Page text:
Author Name: Bibi Deitz
Publish Date: Aug 11
Website Link: https://www.bustle.com/articles/177375-why-is-it-so-hard-for-some-partners-to-be-emotionally-open-9-experts-weigh-in
It can be really challenging to accept a partner when they refuse or shy away from being emotionally vulnerable. But why do some people have difficulty expressing emotions? If we can understand why this is so, does it make it easier to let a partner who clams up way too easily feel less burden to open up?
I spoke with nine relationship experts about this topic, and what I found is striking: Though generally when I pose the same question to multiple experts, I get a myriad of different takes and responses, almost all of the people with whom I spoke could agree on one thing: If you’re encountering someone who has a really hard time letting you know where they are emotionally, they are probably holding onto old stuff from their past. This might mean past relationships or even go as far back as childhood, but regardless of the case, it is not about you.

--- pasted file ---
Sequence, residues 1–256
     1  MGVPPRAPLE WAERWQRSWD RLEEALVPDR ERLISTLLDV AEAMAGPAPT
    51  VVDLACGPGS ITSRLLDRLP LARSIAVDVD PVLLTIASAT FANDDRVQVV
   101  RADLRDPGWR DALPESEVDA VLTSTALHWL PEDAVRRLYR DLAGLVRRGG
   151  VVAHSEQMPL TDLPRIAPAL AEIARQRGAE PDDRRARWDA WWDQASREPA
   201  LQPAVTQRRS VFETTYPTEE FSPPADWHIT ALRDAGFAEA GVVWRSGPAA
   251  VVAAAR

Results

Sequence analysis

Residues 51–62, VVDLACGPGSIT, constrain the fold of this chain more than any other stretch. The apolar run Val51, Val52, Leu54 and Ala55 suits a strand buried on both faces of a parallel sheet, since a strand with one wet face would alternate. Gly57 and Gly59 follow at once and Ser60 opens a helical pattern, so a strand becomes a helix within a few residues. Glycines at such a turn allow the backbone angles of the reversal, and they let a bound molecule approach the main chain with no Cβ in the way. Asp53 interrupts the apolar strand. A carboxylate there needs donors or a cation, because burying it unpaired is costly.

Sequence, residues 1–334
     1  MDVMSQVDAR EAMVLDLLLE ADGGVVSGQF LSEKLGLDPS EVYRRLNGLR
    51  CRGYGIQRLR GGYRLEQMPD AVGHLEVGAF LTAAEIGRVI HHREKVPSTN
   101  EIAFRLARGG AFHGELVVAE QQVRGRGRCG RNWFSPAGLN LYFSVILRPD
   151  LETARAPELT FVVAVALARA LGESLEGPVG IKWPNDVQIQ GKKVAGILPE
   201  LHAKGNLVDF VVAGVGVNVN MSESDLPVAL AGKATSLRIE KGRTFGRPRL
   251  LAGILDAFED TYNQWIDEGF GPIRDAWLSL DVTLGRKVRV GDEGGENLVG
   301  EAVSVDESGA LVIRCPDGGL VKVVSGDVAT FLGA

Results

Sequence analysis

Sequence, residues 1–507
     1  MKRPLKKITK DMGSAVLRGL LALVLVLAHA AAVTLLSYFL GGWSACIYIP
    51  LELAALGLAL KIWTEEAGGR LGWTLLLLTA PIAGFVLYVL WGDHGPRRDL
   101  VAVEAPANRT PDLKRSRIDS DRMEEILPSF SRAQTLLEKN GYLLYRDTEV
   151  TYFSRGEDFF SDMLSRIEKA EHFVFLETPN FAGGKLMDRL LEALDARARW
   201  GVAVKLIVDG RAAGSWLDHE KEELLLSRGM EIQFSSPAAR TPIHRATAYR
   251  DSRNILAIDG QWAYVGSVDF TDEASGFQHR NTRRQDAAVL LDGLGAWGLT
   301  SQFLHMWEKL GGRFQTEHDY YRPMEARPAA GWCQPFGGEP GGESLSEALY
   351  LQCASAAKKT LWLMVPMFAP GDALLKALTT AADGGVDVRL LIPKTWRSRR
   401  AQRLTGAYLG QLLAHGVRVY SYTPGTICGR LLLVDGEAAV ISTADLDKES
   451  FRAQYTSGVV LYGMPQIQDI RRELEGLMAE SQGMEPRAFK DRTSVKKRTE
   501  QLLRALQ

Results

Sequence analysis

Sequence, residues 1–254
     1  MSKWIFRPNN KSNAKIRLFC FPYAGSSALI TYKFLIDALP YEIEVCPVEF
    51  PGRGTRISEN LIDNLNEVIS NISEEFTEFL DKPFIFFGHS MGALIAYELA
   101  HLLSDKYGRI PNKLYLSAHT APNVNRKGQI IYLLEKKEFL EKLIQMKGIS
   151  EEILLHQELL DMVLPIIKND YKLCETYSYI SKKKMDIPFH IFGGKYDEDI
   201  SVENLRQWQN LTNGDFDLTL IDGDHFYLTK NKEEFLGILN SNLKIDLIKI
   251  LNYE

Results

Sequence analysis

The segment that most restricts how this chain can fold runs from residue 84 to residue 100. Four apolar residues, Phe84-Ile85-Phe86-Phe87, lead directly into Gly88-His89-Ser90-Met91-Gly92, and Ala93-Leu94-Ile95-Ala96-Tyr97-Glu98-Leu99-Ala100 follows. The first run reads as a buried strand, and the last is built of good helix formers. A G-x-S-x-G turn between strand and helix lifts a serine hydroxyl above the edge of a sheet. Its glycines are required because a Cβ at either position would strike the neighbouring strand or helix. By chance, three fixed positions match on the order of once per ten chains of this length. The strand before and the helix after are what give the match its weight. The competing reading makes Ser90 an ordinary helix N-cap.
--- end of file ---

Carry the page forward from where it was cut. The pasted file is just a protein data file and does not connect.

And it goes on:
So what is it about? Read on to learn why it’s such a big deal for some of us to really let go, loosen up and open their hearts — and what you should do if this describes your partner, and how to cope in your relationship in the meantime.
1. Old Habits Die Hard